Victims With Disabilities – Collaborative, Multidisciplinary First Response
Victims with disabilities appreciate it when you learn how to create a more positive experience for the victim with disabilities. Can the victim be understood? Does the victim have a relationship with the abuser? Does the abuser live in the same home with the victim? Try to understand what a child victim or any victim has been taught socially in order to better understand the victim, and to understand the victim’s experience of trauma and stress. The victim may not have communication skills to completely communicate what happened to them, not being able to explain the actions of the victimization.
This video was produced by the Office for Victims of Crime, Office of Justice Programs, Victims with Disabilites with permission by Hope For Children Foundation to distribute on our website, hopeforchildrenfoundation.org and on Youtube and Vimeo. Perpetrators of abuse take advantage of those with disabilities leading to violence, sexual assault, domestic violence and murder of the victim. For many, alcohol and pills take away any sense of guilt or pain that both suffer for it. This video will show the relationship between victimization and those with disabilities for first responders, victim advocates, and the community to help victims and realize the importance of collaboration in assisting victims. It is critical to gain knowledge of the background of the victim with disabilities to better understand them.
This training video / movie provides a specific set of guidelines for first responders (law enforcement officers, paramedics, victim advocates, forensic interviewers) who have been called to the scene of a crime in which the victim has a disability. It is designed to help these professionals hone their ability to work with individuals who present specific challenges to a successful first response. Developed under the guidance of a national advisory board, this movie provides guidelines for interacting with both adults and children, and places special emphasis on crime victims who have communication and/or intellectual disabilities.
Victims With Disabilities May Have Long Lasting Intellectual Disabilities
Intellectual disabilities, which involve the mental process of knowing, include disabilities such as mental retardation and autism. [Note: Despite the fact that the term retardation is considered pejorative by many in the disability community, this term remains current in diagnostic nomenclature and is therefore used in this guide.] Communication disabilities, which have to do with physical involvements that interfere with a person’s ability to convey information and ideas, include disabilities associated with speech production (e.g., cerebral palsy, stroke). Crime rates that involve crimes against children and adults with disabilities far exceed rates of crime against individuals who do not have disabilities.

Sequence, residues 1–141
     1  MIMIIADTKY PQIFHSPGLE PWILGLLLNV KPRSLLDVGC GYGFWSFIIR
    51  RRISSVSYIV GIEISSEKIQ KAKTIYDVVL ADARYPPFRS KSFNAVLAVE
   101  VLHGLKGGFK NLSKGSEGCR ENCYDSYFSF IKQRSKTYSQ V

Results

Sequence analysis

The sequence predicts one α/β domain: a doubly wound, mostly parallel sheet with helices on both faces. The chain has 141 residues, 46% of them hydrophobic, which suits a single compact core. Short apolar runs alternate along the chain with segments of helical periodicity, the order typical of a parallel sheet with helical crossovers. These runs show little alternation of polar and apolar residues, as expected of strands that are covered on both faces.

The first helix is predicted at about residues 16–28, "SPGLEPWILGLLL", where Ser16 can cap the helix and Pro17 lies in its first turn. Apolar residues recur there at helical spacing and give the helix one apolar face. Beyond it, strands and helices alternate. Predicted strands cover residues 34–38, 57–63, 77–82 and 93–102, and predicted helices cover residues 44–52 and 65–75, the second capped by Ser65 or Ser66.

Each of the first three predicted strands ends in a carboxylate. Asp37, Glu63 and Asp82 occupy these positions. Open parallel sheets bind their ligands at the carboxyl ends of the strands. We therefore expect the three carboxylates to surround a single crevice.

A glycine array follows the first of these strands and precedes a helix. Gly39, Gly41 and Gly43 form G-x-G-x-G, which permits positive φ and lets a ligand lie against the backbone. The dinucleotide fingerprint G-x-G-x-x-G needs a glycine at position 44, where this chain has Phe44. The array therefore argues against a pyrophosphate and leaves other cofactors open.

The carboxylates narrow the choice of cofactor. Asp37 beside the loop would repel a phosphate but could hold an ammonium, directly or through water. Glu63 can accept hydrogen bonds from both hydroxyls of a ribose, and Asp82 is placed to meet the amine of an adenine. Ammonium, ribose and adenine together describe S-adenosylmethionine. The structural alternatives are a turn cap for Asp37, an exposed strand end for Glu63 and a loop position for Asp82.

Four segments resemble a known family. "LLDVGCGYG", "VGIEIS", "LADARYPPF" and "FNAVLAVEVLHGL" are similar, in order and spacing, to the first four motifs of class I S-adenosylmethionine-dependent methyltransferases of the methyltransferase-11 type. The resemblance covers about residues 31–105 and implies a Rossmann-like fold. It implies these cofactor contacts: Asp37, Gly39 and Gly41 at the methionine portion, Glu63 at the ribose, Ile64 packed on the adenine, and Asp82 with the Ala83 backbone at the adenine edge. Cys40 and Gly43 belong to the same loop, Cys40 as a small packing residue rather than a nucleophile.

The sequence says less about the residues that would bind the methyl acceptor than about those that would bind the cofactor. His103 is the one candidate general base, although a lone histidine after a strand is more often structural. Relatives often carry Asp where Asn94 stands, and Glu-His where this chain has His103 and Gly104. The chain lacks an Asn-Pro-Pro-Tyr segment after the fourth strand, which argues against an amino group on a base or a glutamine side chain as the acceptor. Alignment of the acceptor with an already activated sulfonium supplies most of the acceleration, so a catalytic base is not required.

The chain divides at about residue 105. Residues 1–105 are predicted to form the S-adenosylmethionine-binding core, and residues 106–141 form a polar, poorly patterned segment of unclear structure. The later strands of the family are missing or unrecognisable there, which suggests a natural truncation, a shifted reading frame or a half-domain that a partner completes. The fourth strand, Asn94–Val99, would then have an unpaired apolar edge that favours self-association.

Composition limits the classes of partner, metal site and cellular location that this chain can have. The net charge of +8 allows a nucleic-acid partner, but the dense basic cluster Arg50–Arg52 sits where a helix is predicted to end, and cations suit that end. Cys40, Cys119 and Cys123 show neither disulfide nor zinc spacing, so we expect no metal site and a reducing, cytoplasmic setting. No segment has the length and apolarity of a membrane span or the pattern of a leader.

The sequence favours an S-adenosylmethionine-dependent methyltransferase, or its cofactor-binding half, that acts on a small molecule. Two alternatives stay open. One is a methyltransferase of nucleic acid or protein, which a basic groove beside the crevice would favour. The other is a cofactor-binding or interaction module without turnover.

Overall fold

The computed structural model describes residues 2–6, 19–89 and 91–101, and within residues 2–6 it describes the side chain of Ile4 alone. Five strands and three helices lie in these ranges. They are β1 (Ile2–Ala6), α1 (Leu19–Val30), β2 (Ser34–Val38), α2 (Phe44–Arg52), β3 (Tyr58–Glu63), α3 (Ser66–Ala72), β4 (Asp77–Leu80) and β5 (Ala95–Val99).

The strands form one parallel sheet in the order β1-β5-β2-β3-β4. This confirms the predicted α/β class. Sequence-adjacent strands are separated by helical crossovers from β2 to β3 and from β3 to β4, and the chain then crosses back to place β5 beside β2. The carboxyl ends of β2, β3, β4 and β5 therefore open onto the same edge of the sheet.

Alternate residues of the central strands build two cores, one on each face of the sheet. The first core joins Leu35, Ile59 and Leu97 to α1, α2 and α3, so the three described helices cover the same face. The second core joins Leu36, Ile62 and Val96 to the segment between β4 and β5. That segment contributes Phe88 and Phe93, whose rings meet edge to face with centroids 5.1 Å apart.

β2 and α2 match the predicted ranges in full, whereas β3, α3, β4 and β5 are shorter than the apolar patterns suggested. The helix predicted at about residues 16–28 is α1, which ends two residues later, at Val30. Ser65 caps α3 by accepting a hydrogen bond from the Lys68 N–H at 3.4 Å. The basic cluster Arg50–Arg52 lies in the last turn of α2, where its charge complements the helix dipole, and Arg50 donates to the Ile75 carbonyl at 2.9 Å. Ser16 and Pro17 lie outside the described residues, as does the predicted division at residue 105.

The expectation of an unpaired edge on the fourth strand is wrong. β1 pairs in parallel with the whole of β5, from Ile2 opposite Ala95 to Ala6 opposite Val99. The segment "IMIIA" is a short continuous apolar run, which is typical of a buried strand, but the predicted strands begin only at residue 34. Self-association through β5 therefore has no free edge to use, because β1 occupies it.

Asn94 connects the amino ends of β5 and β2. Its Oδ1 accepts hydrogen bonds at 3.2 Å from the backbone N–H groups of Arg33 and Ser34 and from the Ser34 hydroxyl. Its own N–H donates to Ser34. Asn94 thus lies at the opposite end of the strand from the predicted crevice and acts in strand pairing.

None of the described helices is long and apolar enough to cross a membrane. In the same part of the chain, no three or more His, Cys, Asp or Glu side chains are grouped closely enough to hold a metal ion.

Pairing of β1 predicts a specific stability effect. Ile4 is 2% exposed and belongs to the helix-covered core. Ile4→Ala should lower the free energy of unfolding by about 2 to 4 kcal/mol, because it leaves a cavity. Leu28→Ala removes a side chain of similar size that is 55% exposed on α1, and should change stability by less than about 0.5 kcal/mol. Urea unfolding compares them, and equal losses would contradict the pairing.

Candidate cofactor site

Crimes Against Children with Disabilities
Research published in 2001 found that crimes against children with disabilities occur at 3.4 times the rate of children who do not have disabilities (Sullivan, P.M., and Knutson, J.F. “Maltreatment and Disabilities: A Population-Based Epidemiological Study.” Child Abuse and Neglect 2000. Estimates of maltreatment of adults with disabilities range from 4 to10 times the rate for adults without disabilities. “Special Children, Special Risks: The Maltreatment of Children with Disabilities.”). Although research on the crime victimization of individuals with disabilities is sparse, the findings are consistent that crime rates are much higher within this population. Additionally, individuals who acquire disabilities as a result of crime victimization represent a significant number each year, but public recognition of both of these populations continues to be all but absent.
Process of Creating This Video / Movie
The Movie – While maintaining a primary focus on victims of crime with communication and/or intellectual disabilities, this video concentrates on certain essential aspects of a first response. These essentials or basic principles should be applied to any response to a person with a disability. If these guidelines are followed, they will facilitate a successful interaction between responder and victim. The foundation for this DVD is the First Responders Curriculum: Responding to Child Abuse Calls Involving Children with Disabilities, published in 2005, which was produced under a grant from the California Children’s Justice Act to Arc Riverside. This movie was created with use of the expertise of a national advisory board and a production team; both groups brought years of experience to the project.